The first cocktail I learned to make was the Whiskey Sour. I made it with Scotch, which was a very poor choice, but I was just out of college and didn’t know better. It’s gratifying to discover, in retrospect, that even then I had enough wits about me to think that tinkering with the mix might lead to a worthwhile improvement in flavor. It took forever to realize that the problem was the Scotch. Well, it was too much lemon, too, but at least I finally figured it out.
As the saying goes, “myth and legend are the kudzu of history,” and cocktail history is as much overgrown as any.
Today’s case in point: the pre-Prohibition Ward 8 Cocktail, one of the most famous of classic whiskey sour variations.
I would wager that most people have never encountered a crusta, or even heard of one.
So what is that thing? And why should we care?
Remember that drink we made as kids, the thing we so blithely called the “Suicide”? The one where you mix all the kinds of Kool-Aid you can find, pour in a couple kinds of pop, and then double-dog-dare each other to drink it?
I don’t think I ever actually took that dare. Urgent red, neon green, curaçao blue, all mixed together… that stuff looked vile. It looked dangerous.
There are many names for this version of rum, citrus and sugar: “Planter’s Cocktail,” “Jamaican Rum Punch,” and most commonly, Planter’s Punch.
Planter’s Punch is more of a drink category than a single recipe. In its simplest form—rum, sugar, lime (or lemon), water, perhaps some tea, and spice or bitters—it is clearly the direct descendant of the classic rum punches of the seventeenth and eighteenth centuries. Continue reading “Planter’s Punch”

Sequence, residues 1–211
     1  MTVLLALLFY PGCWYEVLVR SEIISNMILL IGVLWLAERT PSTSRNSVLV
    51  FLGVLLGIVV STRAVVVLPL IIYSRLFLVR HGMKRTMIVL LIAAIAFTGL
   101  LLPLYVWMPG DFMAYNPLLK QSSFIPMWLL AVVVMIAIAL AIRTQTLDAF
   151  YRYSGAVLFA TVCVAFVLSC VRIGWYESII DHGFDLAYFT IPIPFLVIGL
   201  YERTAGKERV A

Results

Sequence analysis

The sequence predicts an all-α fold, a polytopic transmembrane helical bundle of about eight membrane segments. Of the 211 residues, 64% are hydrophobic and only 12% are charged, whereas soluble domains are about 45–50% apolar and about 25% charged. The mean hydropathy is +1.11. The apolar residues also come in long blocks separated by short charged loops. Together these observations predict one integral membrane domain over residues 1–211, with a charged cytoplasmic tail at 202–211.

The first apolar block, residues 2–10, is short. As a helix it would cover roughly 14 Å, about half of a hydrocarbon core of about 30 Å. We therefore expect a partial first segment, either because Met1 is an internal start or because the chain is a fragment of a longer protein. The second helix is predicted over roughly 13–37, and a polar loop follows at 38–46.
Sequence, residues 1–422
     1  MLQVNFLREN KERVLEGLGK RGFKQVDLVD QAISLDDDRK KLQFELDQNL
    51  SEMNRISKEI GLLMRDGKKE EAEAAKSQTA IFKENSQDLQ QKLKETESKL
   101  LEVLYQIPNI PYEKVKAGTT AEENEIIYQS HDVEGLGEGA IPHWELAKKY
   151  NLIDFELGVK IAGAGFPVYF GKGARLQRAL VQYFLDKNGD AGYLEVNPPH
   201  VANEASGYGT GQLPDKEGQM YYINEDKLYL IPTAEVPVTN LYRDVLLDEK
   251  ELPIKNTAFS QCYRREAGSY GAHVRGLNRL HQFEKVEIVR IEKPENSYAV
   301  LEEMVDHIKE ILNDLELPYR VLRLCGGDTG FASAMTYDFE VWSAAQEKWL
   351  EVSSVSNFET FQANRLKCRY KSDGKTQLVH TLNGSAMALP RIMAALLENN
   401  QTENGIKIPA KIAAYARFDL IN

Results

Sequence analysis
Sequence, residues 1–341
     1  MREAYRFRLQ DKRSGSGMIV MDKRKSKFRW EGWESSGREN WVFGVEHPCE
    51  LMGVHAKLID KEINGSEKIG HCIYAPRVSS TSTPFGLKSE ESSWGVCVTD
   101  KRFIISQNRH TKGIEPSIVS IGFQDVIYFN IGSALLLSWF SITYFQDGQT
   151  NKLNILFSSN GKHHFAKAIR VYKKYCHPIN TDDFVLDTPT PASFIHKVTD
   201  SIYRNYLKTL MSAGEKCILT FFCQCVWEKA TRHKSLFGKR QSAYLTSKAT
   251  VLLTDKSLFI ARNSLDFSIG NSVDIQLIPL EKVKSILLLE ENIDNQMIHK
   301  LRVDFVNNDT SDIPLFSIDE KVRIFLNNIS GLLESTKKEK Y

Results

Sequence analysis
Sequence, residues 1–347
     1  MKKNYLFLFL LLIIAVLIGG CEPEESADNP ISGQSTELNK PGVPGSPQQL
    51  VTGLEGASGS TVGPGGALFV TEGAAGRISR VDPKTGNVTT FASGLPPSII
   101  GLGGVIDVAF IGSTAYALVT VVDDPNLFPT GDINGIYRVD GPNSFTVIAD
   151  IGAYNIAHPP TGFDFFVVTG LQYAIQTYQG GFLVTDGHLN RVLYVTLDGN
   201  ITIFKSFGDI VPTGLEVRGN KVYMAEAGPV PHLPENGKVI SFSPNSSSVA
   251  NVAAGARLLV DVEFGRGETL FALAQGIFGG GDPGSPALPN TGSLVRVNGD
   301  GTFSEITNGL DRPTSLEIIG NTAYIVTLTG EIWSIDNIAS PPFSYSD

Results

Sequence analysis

In the 1930s, the Hotel Nacional de Cuba was one of the world’s grandest. Rising from a rocky ridge overlooking Havana Harbor, it was new, gorgeous, and imposing. Its stately opulence attracted celebrities, politicians, gangsters, and wealthy travelers from all over the world.
And it helped to reinforce Havana’s reputation as a comfortable cocktail destination for Prohibition-weary Americans. Continue reading “Have one in Havana — the Hotel Nacional Special Cocktail”
Historians tell us that humans have been mixing medicinal tonics for ages—and trying to get past their intrinsic bitterness for just as long.
This age-old interest in making medicines palatable is one of the things that led to the mixture of bitters into a glass of sweetened brandy or whiskey. Continue reading “Bitters and Brandy—the Alabazam Cocktail”
When I first encountered Pip Hanson’s Oliveto, my reaction was one of wonderment, bordering on denial.
Olive oil? In a cocktail?
I have no idea how people dream these things up, but my incredulousness gave way to intrigue. I had to try this. Continue reading “Mixing with olive oil: the Oliveto cocktail”